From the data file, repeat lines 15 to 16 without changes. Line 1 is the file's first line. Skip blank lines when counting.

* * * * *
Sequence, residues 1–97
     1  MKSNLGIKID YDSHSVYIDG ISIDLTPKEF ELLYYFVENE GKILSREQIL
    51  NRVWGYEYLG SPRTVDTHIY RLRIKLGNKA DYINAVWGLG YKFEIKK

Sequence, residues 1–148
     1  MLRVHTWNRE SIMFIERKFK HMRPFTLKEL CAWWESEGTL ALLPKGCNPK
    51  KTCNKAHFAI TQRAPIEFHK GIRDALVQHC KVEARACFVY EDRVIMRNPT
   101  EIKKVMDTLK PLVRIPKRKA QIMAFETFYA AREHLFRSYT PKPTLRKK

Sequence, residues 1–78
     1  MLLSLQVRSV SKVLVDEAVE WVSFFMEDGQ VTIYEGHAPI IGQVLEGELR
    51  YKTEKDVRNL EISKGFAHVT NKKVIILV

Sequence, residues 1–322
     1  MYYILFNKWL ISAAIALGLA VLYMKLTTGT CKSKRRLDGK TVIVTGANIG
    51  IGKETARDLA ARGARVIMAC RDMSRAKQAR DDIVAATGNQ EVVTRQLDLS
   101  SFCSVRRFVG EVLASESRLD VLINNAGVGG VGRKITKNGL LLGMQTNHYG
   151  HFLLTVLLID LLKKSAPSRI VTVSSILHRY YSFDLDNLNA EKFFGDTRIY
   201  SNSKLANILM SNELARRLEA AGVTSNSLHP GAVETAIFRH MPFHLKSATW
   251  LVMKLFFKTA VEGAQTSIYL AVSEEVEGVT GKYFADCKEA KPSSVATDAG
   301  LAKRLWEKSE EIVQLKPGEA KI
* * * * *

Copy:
   151  HFLLTVLLID LLKKSAPSRI VTVSSILHRY YSFDLDNLNA EKFFGDTRIY
   201  SNSKLANILM SNELARRLEA AGVTSNSLHP GAVETAIFRH MPFHLKSATW